White House Warns of Imminent Cyberattacks; Describes Threat Mitigation Measures

Government Contracts and Privacy & Cybersecurity Update

Date: March 25, 2022

Key Notes:

  • On March 21, 2022, President Biden warned American businesses to prepare for imminent cyberattacks from Russian-backed hackers.
  • Organizations should review their information security programs and identify whether they align with an appropriate security standard, especially those organizations identified as critical infrastructure as they face heightened cyber risk.

On March 21, 2022, President Biden issued a statement noting “that the Russian Government is exploring options for potential cyberattacks” against the United States in “response to the unprecedented economic costs we’ve imposed on Russia alongside our allies and partners” for Russia’s actions in Ukraine. Given that most of the critical infrastructure in the United States is owned and operated by the private sector, President Biden called on these sectors to “do their part” to prevent and mitigate cyberattacks by “accelerat[ing] efforts to lock their digital doors.”

As part of the warning, the U.S. government issued a related guidance Fact Sheet for organizations to take certain cyber defense actions, and these actions mirror the recommendations previously issued by the federal government. These security actions include the following:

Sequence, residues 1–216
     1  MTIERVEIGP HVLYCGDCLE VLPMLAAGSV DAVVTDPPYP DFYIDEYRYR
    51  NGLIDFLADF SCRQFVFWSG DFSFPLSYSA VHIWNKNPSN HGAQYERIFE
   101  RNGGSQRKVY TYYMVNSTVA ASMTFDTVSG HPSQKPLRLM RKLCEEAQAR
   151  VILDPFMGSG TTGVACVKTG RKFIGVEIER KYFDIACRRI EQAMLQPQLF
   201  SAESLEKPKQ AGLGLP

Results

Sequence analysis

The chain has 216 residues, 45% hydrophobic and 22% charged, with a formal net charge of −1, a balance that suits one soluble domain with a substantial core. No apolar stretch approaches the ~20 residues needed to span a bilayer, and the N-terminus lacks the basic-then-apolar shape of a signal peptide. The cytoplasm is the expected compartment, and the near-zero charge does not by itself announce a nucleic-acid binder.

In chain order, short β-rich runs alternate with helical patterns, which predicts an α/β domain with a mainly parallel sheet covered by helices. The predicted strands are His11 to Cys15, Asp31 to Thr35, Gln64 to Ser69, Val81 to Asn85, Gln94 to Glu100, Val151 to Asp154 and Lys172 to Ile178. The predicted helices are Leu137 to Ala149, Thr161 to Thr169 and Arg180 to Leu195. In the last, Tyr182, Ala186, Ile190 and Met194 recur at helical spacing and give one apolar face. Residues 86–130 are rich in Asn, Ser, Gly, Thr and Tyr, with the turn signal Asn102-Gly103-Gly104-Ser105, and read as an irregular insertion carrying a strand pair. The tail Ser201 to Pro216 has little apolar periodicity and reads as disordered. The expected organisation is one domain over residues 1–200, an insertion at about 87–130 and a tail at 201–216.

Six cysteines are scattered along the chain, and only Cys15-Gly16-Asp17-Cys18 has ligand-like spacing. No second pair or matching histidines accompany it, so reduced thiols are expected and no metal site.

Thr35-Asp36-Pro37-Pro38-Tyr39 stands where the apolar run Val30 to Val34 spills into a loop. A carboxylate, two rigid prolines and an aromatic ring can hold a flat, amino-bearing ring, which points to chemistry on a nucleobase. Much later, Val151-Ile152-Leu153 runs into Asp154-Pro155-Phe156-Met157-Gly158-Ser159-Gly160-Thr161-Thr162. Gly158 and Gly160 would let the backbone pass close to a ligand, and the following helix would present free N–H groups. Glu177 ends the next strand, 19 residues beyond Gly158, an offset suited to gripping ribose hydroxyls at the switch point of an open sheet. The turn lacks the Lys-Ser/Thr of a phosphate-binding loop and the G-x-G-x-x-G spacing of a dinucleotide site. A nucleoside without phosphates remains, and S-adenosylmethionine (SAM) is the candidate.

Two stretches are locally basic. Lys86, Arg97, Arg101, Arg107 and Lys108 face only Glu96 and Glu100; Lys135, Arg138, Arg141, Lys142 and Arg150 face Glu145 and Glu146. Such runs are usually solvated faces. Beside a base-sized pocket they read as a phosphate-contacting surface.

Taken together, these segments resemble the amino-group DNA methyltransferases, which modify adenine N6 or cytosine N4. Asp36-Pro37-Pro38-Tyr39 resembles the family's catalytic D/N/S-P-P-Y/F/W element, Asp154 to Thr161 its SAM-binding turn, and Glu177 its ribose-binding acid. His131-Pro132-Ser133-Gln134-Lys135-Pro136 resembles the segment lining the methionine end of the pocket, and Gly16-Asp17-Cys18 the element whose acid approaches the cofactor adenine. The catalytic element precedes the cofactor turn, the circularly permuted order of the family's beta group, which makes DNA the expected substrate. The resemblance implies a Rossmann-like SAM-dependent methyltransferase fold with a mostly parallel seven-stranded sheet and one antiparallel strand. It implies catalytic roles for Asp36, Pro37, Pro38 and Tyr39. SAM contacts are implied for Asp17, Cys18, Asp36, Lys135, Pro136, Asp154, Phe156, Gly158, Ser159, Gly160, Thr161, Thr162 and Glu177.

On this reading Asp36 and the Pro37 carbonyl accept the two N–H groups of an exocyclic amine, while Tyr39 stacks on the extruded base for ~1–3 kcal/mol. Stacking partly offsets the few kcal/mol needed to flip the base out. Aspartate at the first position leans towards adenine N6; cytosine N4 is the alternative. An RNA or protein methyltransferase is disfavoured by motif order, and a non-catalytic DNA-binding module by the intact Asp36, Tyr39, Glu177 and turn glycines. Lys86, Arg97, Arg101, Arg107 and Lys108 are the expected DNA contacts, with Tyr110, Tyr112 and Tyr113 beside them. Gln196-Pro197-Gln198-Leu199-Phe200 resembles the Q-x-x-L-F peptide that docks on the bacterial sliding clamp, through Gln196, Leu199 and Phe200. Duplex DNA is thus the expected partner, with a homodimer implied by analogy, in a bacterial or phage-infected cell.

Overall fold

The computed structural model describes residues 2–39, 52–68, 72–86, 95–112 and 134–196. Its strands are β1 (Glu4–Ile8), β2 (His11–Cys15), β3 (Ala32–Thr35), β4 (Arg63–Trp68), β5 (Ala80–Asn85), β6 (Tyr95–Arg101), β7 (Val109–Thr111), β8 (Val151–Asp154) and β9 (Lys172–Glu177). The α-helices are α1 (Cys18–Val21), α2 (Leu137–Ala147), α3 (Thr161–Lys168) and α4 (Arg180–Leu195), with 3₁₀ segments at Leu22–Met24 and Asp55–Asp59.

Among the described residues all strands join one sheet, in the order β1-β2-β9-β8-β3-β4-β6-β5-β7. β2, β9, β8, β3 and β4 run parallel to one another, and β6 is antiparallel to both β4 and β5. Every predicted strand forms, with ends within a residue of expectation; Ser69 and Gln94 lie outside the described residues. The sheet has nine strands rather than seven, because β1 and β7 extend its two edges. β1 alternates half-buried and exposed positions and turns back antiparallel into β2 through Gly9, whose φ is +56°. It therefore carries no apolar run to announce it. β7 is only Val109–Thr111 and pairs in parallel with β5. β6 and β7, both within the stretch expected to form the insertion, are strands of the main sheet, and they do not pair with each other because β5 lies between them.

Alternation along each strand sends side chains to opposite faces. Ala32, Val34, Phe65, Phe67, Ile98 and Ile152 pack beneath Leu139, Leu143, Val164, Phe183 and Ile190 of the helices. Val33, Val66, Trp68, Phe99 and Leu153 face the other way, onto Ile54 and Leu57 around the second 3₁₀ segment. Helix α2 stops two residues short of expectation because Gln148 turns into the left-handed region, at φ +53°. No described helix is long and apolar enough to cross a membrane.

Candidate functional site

• Mandate multi-factor authentication to make it harder for attackers to access systems.
  • Deploy modern information system security scanning tools. Ensure systems are patched and protected against all known vulnerabilities.
  • Engage IT consultants to verify the sufficiency of your organization’s security controls.
  • Update passwords across networks so previously stolen credentials cannot be reused by malicious actors.
  • Back up data and ensure they are secure and retrievable.
  • Practice security incident tabletop exercises.
  • Encrypt data so it cannot be used if stolen.
  • Educate staff and employees about security threats and their obligations.
  • Establish relationships with the FBI and/or CISA to streamline post-incident engagement.

Organizations that are subject to federal or state data security regulations, such as federal healthcare information security rules and defense contracting regulations governing the protection of Controlled Unclassified Information (“CUI”), should be well aware of these types of security requirements. However, the White House’s recommendation addresses information security in more contextual terms and may be helpful guidance for any organization.

Best-Practice Recommendations

In addition to the recommendations set forth by the White House, there are other practices that organizations should consider incorporating into their security programs.

  • Identify and Protect Regulated Data. Businesses collect data for a number of reasons, including providing services or products to private and public sector customers, marketing those services or products to existing and potential customers, and administering their internal employees and personnel. In order for such data to be properly safeguarded, organizations need to be able to identify, in accordance with a risk-based criteria, the types of data they retain, where it is stored, how it is accessed and shared, and the timeframe and mechanisms used to dispose of it at the end of its lifecycle. Accordingly, organizations should undertake detailed data inventory and mapping exercises to identify all sensitive or otherwise regulated data within an organization’s custody and control, including personal data and CUI.